Some years ago, I came very close to jumping off the financial cliff: I seriously considered buying a 100-year-old bed-and-breakfast in Flagstaff, Arizona. I was reminded of this episode by a post at Manely Montana, a blog whose proprietor runs an inn that appears to be very beautiful. All so idyllic.
The Inn at 410 occupied a fine old building, an elegant Victorian house in the middle of Flagstaff’s gentrifying downtown. It was owned by a couple who had moved to Flag several years earlier, having long dreamed of living in a small town. He was a successful businessman—had an MBA and ran the family business in Chicago for many years. At one point, the house had been a Northern Arizona University frat house, and as you can imagine it was quite a mess when the students were done with it. It was, however, a historic house in the center of what was once the town’s ritziest district, formerly inhabited by movers and shakers, some of whom went on to do some moving & shaking on a national level.
They renovated the house to the nines. At the time I stumbled upon it in connection with a story I was writing for Arizona Highways, it was just lovely. Because of the article, they comped me a couple of weekends. I was enchanted.
For a number of years I’d been teaching in a nontenurable position at the Great Desert University’s unhappy west campus. The job was underpaid and the workload was obscene—often I put in 70- and 80-hour weeks, with no overtime pay, and I spent my unpaid summers preparing the following year’s courses. When I started, it was an upper-division and graduate-level campus serving older students, and so the teaching wasn’t intolerable. But now the university was converting the campus to a four-year institution, and suddenly I was being expected to teach freshman English, a task that in the academic world ranks slightly below cleaning the toilets. I had not signed on to teach freshmen, and many years before, after TAing my way through graduate school, I had pledged that I would go on welfare before I taught freshman comp again.
If that weren’t enough, the atmosphere on the campus was toxic. Morale had taken up permanent residence in the sub-basement: everyone was miserable, from the provost’s office on down. At one point two of my colleagues came close to a fist-fight. We kept driving young faculty insane, quite literally. One of my students, a cop, blurted out that she had arrested one of my wacko fellow professors for beating up a young boy—and that guy was not the only one who took a swan-dive off the deep end. We were all swimming in the deep end, truth be told, and I wanted to get out of the water in the worst way.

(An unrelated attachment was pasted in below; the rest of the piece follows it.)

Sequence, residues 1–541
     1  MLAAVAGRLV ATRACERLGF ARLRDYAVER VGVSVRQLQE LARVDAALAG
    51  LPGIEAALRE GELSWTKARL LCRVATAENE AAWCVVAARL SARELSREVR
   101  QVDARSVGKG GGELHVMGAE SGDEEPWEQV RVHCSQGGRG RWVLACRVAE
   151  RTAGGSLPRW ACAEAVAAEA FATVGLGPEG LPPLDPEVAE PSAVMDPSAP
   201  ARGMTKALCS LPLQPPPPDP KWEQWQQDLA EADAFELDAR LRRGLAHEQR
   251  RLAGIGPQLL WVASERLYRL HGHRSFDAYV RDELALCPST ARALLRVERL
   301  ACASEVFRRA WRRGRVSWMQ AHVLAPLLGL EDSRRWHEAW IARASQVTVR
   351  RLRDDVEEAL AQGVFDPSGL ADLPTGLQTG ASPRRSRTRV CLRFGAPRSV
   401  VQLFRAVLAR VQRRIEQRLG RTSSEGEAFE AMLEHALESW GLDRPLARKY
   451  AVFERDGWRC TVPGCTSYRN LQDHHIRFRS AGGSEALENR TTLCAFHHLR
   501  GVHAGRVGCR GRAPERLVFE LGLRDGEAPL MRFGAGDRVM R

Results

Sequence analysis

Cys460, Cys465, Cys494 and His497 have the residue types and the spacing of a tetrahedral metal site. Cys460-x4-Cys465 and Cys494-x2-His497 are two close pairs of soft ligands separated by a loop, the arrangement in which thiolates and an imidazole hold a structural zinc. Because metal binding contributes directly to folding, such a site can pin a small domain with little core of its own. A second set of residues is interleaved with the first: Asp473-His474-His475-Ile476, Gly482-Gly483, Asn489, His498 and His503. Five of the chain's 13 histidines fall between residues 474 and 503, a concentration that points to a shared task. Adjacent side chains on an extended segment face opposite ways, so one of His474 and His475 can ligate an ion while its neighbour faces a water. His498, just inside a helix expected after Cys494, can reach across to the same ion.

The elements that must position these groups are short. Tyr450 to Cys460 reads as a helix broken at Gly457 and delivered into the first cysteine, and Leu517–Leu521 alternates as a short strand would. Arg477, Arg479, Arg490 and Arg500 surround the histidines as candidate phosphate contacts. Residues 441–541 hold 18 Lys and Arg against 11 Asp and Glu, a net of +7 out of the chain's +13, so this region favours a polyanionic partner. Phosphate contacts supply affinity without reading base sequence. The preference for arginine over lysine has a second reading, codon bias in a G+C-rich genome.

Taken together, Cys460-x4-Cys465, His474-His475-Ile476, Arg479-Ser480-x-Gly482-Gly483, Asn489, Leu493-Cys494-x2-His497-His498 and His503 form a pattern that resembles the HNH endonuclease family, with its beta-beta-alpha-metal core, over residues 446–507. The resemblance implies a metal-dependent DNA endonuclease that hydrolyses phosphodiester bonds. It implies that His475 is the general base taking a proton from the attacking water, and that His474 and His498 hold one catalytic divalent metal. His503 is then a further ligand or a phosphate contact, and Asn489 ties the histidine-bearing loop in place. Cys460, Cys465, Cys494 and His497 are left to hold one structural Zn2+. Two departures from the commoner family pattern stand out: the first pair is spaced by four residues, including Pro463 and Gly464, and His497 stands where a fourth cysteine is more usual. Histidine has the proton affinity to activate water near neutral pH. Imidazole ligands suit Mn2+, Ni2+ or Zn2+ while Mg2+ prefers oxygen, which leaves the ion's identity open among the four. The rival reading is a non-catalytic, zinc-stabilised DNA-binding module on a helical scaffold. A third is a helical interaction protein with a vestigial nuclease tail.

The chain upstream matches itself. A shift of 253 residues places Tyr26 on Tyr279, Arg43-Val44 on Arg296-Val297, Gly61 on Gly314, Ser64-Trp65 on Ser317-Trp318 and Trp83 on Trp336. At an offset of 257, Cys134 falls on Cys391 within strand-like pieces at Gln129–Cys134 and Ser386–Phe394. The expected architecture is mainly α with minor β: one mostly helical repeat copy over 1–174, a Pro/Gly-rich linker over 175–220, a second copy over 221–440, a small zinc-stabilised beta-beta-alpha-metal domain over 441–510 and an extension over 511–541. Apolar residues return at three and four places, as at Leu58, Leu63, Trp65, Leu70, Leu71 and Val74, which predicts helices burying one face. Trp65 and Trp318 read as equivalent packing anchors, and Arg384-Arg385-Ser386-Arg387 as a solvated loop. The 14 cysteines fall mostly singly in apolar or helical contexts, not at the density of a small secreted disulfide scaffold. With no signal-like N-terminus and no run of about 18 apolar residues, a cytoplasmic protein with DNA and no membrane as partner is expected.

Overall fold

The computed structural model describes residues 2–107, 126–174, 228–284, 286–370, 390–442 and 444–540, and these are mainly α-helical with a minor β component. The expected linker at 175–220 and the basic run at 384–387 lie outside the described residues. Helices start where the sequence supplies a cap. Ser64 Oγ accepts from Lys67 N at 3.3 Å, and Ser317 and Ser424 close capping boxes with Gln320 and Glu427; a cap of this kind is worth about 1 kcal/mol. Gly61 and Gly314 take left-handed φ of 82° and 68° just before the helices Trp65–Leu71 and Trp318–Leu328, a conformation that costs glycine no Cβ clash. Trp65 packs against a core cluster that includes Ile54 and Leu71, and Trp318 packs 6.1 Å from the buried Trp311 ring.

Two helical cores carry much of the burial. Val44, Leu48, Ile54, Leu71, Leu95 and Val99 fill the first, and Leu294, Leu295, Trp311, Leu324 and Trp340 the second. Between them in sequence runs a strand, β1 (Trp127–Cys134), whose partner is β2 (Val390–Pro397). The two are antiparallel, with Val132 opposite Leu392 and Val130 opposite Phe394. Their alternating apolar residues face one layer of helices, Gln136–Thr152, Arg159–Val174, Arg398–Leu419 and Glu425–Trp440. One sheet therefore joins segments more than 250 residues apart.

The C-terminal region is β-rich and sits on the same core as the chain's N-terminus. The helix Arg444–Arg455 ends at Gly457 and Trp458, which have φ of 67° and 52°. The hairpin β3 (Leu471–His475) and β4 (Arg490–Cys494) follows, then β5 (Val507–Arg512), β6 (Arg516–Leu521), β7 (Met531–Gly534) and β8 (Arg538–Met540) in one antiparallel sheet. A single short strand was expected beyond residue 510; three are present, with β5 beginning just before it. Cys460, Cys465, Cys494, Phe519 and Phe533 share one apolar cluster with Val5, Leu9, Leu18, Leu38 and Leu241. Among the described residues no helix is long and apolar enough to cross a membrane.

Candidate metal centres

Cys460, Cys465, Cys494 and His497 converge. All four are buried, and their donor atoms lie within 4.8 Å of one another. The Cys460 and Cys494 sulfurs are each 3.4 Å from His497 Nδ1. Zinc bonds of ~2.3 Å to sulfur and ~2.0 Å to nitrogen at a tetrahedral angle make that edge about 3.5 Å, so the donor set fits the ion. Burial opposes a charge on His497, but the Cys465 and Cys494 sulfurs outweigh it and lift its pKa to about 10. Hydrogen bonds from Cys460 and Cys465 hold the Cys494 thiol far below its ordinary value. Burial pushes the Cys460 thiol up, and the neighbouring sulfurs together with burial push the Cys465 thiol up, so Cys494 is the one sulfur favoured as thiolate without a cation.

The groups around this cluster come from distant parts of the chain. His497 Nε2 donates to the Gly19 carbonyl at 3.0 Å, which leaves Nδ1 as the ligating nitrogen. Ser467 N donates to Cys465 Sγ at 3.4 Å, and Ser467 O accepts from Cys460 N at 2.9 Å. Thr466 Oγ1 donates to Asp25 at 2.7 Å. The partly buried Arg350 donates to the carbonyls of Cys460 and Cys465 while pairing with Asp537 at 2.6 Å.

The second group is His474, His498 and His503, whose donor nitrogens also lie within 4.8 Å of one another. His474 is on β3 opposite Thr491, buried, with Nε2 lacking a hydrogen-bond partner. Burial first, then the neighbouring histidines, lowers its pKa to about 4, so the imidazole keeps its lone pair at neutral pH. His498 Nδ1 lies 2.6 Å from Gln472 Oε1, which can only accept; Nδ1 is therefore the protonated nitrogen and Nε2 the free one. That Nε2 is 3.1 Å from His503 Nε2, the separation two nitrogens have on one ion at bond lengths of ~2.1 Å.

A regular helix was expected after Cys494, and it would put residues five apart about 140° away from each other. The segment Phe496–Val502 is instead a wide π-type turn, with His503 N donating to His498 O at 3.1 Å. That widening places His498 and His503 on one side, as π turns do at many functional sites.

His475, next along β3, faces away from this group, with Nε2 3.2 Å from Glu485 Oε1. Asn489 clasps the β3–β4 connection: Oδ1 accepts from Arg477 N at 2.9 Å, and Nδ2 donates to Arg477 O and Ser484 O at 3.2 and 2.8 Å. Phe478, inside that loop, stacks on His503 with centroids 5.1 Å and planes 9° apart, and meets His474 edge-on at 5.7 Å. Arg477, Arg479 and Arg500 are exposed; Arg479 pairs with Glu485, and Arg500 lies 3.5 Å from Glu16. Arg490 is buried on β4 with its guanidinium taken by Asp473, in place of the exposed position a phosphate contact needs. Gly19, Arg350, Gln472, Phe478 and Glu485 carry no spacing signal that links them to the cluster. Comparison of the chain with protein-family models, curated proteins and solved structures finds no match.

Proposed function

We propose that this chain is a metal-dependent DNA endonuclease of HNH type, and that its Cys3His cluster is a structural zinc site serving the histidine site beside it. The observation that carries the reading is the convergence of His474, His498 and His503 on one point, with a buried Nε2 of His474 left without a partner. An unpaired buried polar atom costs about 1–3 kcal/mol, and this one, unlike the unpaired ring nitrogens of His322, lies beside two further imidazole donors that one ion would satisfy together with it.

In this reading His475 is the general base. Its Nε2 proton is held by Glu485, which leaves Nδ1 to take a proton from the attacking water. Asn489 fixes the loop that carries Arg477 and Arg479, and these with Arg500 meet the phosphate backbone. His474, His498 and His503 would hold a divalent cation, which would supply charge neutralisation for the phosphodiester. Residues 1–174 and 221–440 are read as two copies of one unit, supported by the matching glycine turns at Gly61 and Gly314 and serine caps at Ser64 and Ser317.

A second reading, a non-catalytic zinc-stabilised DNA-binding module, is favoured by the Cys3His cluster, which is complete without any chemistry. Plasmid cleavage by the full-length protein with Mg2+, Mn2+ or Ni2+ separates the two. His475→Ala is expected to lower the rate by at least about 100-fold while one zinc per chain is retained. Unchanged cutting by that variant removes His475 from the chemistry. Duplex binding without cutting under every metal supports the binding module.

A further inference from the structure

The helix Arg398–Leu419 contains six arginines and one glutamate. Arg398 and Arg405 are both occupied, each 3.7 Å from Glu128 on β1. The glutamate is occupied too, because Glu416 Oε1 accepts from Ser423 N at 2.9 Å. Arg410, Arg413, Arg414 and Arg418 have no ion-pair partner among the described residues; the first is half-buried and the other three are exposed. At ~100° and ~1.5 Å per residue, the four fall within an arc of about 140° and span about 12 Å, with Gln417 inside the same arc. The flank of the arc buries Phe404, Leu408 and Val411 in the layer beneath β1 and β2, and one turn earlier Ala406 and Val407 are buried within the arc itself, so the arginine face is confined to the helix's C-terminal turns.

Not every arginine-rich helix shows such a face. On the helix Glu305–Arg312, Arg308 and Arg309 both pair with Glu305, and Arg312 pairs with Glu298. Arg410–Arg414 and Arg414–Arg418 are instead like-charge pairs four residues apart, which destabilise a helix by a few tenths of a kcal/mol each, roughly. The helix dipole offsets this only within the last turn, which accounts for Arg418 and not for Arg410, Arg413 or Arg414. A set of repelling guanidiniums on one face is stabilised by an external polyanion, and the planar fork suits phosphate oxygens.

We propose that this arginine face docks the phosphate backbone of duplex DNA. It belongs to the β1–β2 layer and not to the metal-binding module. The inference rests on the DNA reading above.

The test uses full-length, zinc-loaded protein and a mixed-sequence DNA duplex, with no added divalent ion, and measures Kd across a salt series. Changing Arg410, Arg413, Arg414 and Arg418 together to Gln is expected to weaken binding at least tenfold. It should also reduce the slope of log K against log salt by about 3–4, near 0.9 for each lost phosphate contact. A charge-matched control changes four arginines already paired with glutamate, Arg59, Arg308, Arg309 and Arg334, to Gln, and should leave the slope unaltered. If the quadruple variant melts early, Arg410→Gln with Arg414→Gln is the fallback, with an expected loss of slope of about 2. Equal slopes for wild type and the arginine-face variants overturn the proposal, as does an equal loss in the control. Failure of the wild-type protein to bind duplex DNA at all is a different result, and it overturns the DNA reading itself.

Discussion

So I was on the job market. For a time, I’d been applying to anything and everything I thought I might conceivably, by any stretch of the imagination, persuade an employer I could do. But there were never many jobs for the likes of moi, and as I grew older, fewer presented themselves.
A year or so before I made the acquaintance of the Inn at 410’s proprietors, I had fallen in love with Santa Fe. I would have killed to live there. In fact, I applied for a job at a private college there and was told that I was decidedly not their type. I considered applying for an opening at the city newspaper, but the pay was far too low to support anyone in that expensive venue. While I was wandering around the town, I came across a busy, successful bed-and-breakfast near the downtown area. Its owner took time to chat for a few minutes and said that she and her husband had always dreamed of living in Santa Fe—owning an inn was the only way they could afford it, since the place provided them a place to live as well as a living. They were, she claimed, very happy.
So, when the owner of the Flagstaff inn told me that he and his wife wanted to sell the place, he got my attention in a big way.
I started to think seriously about buying the business. Although I had no spouse to help and was not about to get one, Northern Arizona University had a world-class hospitality program. The inn had hired one of its senior-level students as its full-time maitre-d’ and general factotum. The guy was good, and it was clear that he was doing much of the heavy lifting. The proprietors spent a great deal of time hiking, volunteering for The Nature Conservancy, and hob-nobbing with the town’s business class. They would show up to supervise the cooking of breakfast and socialize with guests, and then they were outta there. The grass on their side of the fence looked mighty green.